Deed of Ninian W. Edwards and Elizabeth P. Edwards to Stephen T. Logan and Abraham Lincoln, 16 March 18421
|Ninian W. Edwards|
|Stephen T. Logan & A. Lincoln|
This Indenture Made and entered into this 16th day of March AD. 1842 between Ninian W— Edwards and Elizabeth P. Edwards his wife of The County of Sangamon and State of Illinois of the first part and Stephen. T. Logan, and Abraham Lincoln of the County of Sangamon and State of Illinois of the second part, Witnesseth, that the said parties of the first part for and in Consideration of the Sum of Four Hundred Dollars in hand paid by the said parties of the second part, the receipt whereof is hereby acknowledged have Granted bargained and sold, and by these presents do grant bargain and sell unto the said parties of the second part their Heirs and assigns, a Certain Tract of land situate lying and being in the County of Sangamon and State of Illinois, known and Designated as follows, to wit: the East half of the West half of Lot number six in Block number fourteen in the late Town Now City of Springfield Illinois—2
To have and to hold the aforesaid Tract or parcel of Land, together with all and Singular the privileges and appurtenances thereunto belonging, or in anywise appertaining, to the only Proper use and benefit of them the said Parties of the Second part, their heirs and assigns Forever. And the said Parties of the first part for their heirs executors and administrators do Covenant to and with the Said parties of the second part that they are lawfully Seized have full right to Convey and will forever warrant and Defend the said Tract of Land from the Claim of them the said parties of the first part their heirs and assigns, and against the Claim or Claims of any other Person whomsoever—
In Testimony whereof the said parties of the first part have hereunto set their hands and seals the day and year aforesaid—3Ninian W. Edwards seal Elizabeth P. Edwards seal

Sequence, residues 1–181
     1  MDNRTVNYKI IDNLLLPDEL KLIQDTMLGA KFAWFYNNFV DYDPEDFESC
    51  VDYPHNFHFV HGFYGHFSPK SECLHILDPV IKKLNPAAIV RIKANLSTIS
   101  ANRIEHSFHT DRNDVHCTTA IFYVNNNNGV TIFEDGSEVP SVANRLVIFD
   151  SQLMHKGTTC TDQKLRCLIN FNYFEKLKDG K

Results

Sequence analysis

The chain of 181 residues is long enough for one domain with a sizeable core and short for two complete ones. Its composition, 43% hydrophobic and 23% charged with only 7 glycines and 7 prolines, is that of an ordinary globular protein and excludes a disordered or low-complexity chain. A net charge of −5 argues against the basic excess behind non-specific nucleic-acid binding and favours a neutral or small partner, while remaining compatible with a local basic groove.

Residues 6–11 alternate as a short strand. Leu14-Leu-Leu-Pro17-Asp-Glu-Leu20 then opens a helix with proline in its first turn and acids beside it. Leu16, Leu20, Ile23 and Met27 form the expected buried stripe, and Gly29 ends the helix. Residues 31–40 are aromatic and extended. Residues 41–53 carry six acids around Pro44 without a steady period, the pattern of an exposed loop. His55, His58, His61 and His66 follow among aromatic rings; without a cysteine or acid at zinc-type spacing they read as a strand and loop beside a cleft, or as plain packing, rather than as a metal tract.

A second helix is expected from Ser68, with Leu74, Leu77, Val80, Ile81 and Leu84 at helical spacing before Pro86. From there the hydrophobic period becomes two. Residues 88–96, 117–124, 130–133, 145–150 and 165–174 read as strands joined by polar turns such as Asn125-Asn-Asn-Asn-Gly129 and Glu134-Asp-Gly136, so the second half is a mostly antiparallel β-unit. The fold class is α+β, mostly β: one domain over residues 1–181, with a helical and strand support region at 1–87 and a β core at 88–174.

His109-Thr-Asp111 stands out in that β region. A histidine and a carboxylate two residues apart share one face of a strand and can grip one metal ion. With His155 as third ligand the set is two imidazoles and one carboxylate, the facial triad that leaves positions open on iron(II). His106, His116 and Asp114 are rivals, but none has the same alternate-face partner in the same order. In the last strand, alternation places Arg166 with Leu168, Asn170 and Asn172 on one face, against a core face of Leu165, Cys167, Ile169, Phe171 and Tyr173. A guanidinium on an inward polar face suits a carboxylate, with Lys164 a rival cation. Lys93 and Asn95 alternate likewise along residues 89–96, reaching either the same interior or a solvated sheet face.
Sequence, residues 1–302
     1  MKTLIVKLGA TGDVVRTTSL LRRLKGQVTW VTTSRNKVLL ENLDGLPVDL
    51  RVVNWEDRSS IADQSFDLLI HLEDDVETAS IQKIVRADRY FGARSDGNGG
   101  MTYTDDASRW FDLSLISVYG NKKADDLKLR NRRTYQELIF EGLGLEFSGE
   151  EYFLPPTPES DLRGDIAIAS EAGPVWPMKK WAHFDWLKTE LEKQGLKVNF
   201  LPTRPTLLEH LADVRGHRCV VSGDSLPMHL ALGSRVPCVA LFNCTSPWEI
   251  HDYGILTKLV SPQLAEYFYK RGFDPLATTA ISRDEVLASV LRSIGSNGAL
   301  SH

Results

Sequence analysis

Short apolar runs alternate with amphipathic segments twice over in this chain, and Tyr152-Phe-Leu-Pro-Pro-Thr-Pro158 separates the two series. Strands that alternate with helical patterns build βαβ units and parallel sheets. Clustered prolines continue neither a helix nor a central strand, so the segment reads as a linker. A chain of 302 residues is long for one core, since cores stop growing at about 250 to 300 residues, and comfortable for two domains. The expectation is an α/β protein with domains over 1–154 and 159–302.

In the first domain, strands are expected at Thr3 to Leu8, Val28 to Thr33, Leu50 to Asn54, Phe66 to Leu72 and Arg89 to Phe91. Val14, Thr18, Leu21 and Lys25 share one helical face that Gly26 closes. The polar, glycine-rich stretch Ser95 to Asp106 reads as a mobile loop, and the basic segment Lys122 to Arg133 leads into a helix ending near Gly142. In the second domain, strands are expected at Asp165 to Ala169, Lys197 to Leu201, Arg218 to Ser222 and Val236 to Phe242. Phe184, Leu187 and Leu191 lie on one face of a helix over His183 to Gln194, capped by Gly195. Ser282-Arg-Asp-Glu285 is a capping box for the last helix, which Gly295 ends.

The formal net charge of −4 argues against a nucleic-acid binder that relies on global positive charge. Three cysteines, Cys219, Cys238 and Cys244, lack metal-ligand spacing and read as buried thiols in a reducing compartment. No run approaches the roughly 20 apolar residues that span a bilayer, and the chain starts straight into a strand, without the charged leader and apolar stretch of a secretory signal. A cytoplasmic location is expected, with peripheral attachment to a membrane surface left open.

|State of Illinois—||}||Ss|
Before me the undersigned a Justice of the peace in and for the County aforesaid personally—
<Page 2>Came Ninian W. Edwards and Elizabeth. P. Edwards his wife who are Known to me to be the real persons by whom and in whose names the above Conveyance was Executed and by whom and in whose names said Conveyance is Proposed to be acknowledged and acknowledged that of their free will that they Executed said Deed for the Purpose therein Expressed— And the said Elizabeth. P. Edwards wife of the said. Ninian. W. Edwards being by me first Examined Separate and apart from her said Husband and the Contents of said Conveyance being first made known to her acknowledged that freely and voluntarily and without any Compulsion or Coercion from her said husband she Executed the same and forever Relinquished all Her right and Claim of Dower in and to the Lands and Tenements In said Conveyance described—4
Given under my hand and Seal, this 16th day of March in the year of our Lord one thousand Eight hundred and forty two—Thomas Moffett J. P.[Justice of the Peace]
Recorded March 17th AD. 1842—Benjamin Talbott R. S. C[Recorder of Sangamon County]
2The lot described here was on the block directly southwest of the site of the state’s new capitol building. It was located within the city’s business district and contained a building that was occupied by a shop.
Harry E. Pratt, Personal Finances of Abraham Lincoln (Springfield, IL: Abraham Lincoln Association, 1943), 63.
3In January 1844, Lincoln drew up a contract to purchase a home on Eighth and Jackson streets in Springfield from the Rev. Charles Dresser. The purchase price was the lot described in this document, plus $1,200. On April 23, 1844, Lincoln, Logan, and their wives deeded the lot to Dresser. The purchase was completed on May 2, 1844, when Dresser and his wife conveyed the home lot to Lincoln. This was the only home Abraham Lincoln ever owned.
Harry E. Pratt, Personal Finances of Abraham Lincoln, 63, 65-66.
4“Dower” is a term that refers to the legally protected lifetime right of a woman to one-third of her husband’s lands and personal property. Dower was intended to provide for the support of a widow and her children. Because of this, a husband could not convey property without the consent of his wife.
Christopher A. Schnell, “Wives, Widows, and Will Makers: Woman and the Law of Property,” In Tender Consideration: Women, Families, and the Law in Abraham Lincoln’s Illinois (Urbana: University of Illinois Press, 2003), 129, 133; Joan R. Gundersen, “Women and Inheritance in America,” Robert K. Miller Jr. and Stephen J. McNamee, eds., Inheritance and Wealth in America (New York: Springer Science and Business Media, 1998), 94.
Handwritten Transcription, 2 page(s), Sangamon County Deed Book S, 502-3, Illinois Regional Archives Depository, University of Illinois at Springfield (Springfield, Illinois)